A Virus-Binding Hot Spot on Human Angiotensin-Converting Enzyme 2 Is Critical for Binding of Two Different Coronaviruses

Department of Pharmacology, University of Minnesota Medical School, Minneapolis, MN 55455, USA.
Journal of Virology (Impact Factor: 4.44). 03/2011; 85(11):5331-7. DOI: 10.1128/JVI.02274-10
Source: PubMed


How viruses evolve to select their receptor proteins for host cell entry is puzzling. We recently determined the crystal structures of NL63 coronavirus (NL63-CoV) and SARS coronavirus (SARS-CoV) receptor-binding domains (RBDs), each complexed with their common receptor, human angiotensin-converting enzyme 2 (hACE2), and proposed the existence of a virus-binding hot spot on hACE2. Here we investigated the function of this hypothetical hot spot using structure-guided biochemical and functional assays. The hot spot consists of a salt bridge surrounded by hydrophobic tunnel walls. Mutations that disturb the hot spot structure have significant effects on virus/receptor interactions, revealing critical energy contributions from the hot spot structure. The tunnel structure at the NL63-CoV/hACE2 interface is more compact than that at the SARS-CoV/hACE2 interface, and hence RBD/hACE2 binding affinities are decreased either by NL63-CoV mutations decreasing the tunnel space or by SARS-CoV mutations increasing the tunnel space. Furthermore, NL63-CoV RBD inhibits hACE2-dependent transduction by SARS-CoV spike protein, a successful application of the hot spot theory that has the potential to become a new antiviral strategy against SARS-CoV infections. These results suggest that the structural features of the hot spot on hACE2 were among the driving forces for the convergent evolution of NL63-CoV and SARS-CoV.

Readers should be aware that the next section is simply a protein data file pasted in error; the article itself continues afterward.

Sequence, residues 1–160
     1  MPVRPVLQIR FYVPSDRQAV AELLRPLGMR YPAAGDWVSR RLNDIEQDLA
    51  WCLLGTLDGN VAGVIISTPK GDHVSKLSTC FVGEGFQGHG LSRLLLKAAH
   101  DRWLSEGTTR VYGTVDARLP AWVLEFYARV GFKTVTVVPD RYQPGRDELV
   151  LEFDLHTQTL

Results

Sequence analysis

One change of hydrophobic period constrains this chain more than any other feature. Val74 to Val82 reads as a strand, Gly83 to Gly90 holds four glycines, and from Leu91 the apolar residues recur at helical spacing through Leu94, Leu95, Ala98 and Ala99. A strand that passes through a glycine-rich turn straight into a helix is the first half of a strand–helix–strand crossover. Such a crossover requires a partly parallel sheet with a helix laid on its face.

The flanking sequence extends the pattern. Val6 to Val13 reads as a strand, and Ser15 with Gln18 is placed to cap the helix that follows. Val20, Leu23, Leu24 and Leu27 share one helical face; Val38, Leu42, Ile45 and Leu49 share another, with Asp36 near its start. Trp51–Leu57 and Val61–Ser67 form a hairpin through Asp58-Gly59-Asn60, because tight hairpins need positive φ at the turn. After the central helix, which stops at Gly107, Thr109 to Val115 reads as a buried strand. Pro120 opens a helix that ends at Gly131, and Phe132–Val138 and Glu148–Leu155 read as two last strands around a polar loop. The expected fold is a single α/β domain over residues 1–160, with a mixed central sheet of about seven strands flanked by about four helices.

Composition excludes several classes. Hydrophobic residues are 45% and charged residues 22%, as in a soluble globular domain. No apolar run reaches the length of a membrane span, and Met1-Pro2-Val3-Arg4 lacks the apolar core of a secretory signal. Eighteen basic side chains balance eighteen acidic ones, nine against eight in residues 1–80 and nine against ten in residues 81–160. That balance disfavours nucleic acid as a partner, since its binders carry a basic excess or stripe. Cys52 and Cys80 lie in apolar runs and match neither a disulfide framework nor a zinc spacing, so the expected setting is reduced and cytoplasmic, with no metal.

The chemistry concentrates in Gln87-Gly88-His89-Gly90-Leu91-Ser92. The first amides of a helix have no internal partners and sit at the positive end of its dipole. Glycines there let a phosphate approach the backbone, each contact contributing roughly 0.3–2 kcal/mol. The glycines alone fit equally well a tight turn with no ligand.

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    • "As civet (c) ACE2 displayed affinity for both human (Tor2 and GD03) and civet SARS-CoV isolates (Sz02 and Gd05), while human (h) ACE2 preferentially bound the S protein RBD of human isolates, biochemical studies were performed to define mutations influencing RBD affinity (Li, 2008; Wu et al., 2012, 2011; Li et al., 2005b). These studies identified two regions of interaction between the S protein RBD and ACE2 at which mutations evolved to accommodate a switch in preference from cACE2 to hACE2 (Li, 2008; Wu et al., 2012, 2011). The two regions were designated hotspot 31 and hotspot 353. "
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    Preview · Article · Mar 2015 · Virology
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    • "The antiviral activity found is ∼3× more pronounced than the activity against the SARS coronavirus (Li et al., 2003; Ivens et al., 2005). This is not unexpected since both viruses are known to bind the ACE2 receptor differently and have evolved independently in their ability to use it for cellular entry (Wu et al., 2011). "
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